After a weekend of human gridlock at the Galleria, traffic snarls, bottles poppin' and all the parties you could handle, NBA All-Star Weekend in Houston came to a close on Sunday with the Western Conference defeating their Eastern foes 143-138, the Los Angeles Clippers' Chris Paul getting the game's MVP trophy.
Funny, last night's game seemed almost forgotten, a formality even, amongst all the bashes being thrown by promoters, liquor companies and rappers with deep pockets. Even a fun game like this, where nothing hinges on the outcome except bragging rights, the pomp and circumstance seemed silly. I was waiting for LeBron to hit Kobe in the head with a chair and challenge Kevin Durant to a cage match suspended high above the court.
The atmosphere around Toyota Center seemed somewhat deflated by Sunday afternoon. All of the insanity and red carpet affairs of Friday and Saturday nights were gone and all that was left was a hangover.
The vendors selling official ASG merch around the arena were drained from 24-hour days. Yes, those guys were open all day and night selling jackets, hats and shirts, with even the folks selling knockoffs by the ticket shop getting weary.
Across the street at Root Memorial Square, there were some sweaty, stressful pick-up basketball games going down the likes of which would not be seen in the Toyota Center that day. A few of the pro players had already shown up out at the courts to give out free tickets to the big game.
One twentysomething man, who calls himself Skates, was playing roundball while wearing one roller blade on his left foot and a sneaker on the right.
Skates -- he wouldn't give me his "non-skate" name -- has been blading since he was in elementary school, at one point even showing me his fourth-grade yearbook picture, which he easily produced out of his front pocket, in which he was wearing a skating tee.
"Skateboards take up too much space," he tells me when I ask if he boards too. He shows me his riding outfit, which looks to have been fashioned out of a discarded life preserver, and it is covered in pictures of President Obama, Jay-Z, Jimi Hendrix, Alicia Keys and Kanye West.
Inside the Toyota Center, merch booths were teeming with life. The girls were dressed to the nines. Jewelry, cleavage, that ass.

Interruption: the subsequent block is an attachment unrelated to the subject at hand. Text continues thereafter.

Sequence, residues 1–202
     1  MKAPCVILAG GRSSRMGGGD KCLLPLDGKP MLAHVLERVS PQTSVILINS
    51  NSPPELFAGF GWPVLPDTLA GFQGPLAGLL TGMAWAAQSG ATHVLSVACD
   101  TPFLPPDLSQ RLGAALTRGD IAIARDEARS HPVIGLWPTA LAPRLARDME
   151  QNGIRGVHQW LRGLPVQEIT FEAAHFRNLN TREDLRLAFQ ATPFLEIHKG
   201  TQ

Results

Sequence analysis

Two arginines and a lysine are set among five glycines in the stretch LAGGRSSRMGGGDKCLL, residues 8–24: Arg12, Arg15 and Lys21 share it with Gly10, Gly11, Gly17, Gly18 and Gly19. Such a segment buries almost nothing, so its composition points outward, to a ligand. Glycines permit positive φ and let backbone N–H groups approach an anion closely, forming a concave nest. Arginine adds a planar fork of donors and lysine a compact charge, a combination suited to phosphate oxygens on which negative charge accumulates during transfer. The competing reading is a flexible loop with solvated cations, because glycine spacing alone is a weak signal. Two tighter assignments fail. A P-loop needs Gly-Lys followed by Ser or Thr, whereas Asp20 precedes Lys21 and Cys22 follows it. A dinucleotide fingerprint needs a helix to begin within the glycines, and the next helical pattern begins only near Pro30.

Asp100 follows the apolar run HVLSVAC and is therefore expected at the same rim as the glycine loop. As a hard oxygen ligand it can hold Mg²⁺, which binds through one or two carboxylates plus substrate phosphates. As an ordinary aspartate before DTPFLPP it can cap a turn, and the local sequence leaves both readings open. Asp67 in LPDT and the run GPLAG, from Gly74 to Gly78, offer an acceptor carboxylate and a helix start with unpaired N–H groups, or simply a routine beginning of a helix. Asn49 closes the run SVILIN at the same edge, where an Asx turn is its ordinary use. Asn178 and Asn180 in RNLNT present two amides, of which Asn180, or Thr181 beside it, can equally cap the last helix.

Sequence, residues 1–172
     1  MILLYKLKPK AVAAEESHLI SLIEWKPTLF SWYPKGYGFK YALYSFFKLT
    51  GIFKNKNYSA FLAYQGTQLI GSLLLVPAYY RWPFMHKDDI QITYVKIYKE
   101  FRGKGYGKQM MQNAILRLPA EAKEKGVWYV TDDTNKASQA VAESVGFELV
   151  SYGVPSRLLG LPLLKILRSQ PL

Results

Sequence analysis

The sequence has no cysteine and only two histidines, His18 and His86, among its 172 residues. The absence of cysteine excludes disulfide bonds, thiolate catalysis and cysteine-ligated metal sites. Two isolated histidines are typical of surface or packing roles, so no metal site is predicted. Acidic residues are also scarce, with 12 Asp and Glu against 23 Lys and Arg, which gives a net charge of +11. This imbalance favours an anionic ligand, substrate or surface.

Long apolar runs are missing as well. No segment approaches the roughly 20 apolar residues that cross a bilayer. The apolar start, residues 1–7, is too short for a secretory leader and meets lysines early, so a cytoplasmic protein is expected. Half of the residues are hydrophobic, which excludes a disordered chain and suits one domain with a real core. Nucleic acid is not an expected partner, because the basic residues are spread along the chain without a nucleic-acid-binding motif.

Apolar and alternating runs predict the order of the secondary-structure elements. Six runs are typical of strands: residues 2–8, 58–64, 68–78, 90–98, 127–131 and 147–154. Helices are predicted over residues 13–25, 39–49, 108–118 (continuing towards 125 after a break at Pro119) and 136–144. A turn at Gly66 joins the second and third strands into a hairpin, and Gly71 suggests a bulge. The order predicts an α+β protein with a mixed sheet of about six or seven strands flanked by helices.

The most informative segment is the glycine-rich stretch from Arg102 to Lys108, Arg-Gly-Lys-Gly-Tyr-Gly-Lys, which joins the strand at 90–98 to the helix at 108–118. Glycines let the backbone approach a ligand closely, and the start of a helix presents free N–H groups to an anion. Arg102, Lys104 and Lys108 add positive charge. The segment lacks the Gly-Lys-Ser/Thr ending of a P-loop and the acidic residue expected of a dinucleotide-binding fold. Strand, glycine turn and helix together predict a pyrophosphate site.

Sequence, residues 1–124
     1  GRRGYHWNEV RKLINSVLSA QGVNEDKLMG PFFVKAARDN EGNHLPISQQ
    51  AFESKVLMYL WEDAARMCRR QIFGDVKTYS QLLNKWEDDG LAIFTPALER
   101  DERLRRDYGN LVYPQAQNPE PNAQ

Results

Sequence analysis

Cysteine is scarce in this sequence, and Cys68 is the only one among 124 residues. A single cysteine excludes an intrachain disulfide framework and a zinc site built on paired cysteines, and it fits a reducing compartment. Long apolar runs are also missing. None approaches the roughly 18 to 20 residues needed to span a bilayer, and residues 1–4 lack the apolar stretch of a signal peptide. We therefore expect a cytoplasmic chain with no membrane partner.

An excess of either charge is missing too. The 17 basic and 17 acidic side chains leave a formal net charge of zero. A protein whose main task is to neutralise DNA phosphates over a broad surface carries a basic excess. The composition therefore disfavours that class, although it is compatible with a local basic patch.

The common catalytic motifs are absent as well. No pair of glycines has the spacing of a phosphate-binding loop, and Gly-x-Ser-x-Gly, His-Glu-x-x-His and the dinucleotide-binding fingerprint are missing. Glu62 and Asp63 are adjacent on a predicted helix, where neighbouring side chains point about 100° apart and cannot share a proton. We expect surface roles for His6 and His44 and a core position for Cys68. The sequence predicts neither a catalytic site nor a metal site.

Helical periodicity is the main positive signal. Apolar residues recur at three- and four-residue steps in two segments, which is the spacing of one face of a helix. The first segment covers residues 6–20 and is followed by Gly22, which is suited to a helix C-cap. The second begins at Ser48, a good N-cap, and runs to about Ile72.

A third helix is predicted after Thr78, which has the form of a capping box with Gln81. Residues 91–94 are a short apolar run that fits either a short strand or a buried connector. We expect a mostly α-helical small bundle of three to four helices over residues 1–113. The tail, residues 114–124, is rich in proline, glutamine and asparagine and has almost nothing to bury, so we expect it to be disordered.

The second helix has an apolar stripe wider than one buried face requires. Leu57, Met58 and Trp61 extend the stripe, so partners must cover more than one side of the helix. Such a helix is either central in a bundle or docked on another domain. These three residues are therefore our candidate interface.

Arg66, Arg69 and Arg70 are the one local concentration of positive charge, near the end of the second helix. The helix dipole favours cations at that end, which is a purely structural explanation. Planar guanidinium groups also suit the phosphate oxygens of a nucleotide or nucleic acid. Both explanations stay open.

The regulation court was pushed to one edge of the arena to accommodate the WWE-style stage that would host musical acts Ne-Yo and Alicia Keys and the starting players, who popped out of the floor of the stage on cue. And score! That stage obscured the view of the proceedings from the media boxes during all the musical goings-on.
Chef Chris Shepherd of the critically adored Underbelly in Montrose was slinging his trademark Bayou City goodness in the Jack Daniels bar in the main concourse, along with Hugo Ortega of Hugo's.
Celebs sitting on the side of the court included Jay-Z and Beyoncé (natch), Spike Lee (who came dressed like Jack Nicholson's Joker), Bill Russell, Julius Erving, Pat Riley, Usain Bolt, Gabby Douglas, Diddy, Yao Ming, Rockets owner Les Alexander, Shaquille O'Neal, Drake, J. Cole and, yes, even tabloid lightnin' rod Chris Brown.
I watched Brown eat for most of the game, going from a fully loaded baked potato in the first quarter to a heaping helping of nachos in the third. The cameras of the arena, which loved all of the other celebs, never panned to Brown. Not even the visiting mascots from around the league would josh with him.
Something tells me that there would have been a run on beer and popcorn to throw at Brown once word got out about where he was sitting.
The game should have been called the Blake Griffin Slam Dunk Throwdown, with the Will Ferrell-lookalike knocking out at least ten before I stopped counting. Kobe Bryant and LeBron James couldn't stop smiling and giggling with one another most of the night.
Kyrie Irving of the Cleveland Cavaliers, 2012 NBA Rookie of the Year, kept proving that he will be a notable figure from here on out, too.
The Houston Rockets' own James Harden looked stereotypically cool with his mohawk and beard, looking 21st Century dapper as always running up and down the court, racking up 15 points, 6 rebounds and 3 assists during his time in the game.
Alicia Keys's halftime show included "Empire State of Mind," a great song, but about, you know, New York City.
All in all, the game was a good excuse for a bunch of parties to happen and for people to lose their everlovin' minds over the prospect of Waka Flocka Flame trying on jewelry a mile away from where you were standing.
But hey, at least the power didn't go out on half of the arena, and I only saw some horse cops go crazy once. It was probably from seeing their reflection in the side of Flo Rida's chrome Bugatti.
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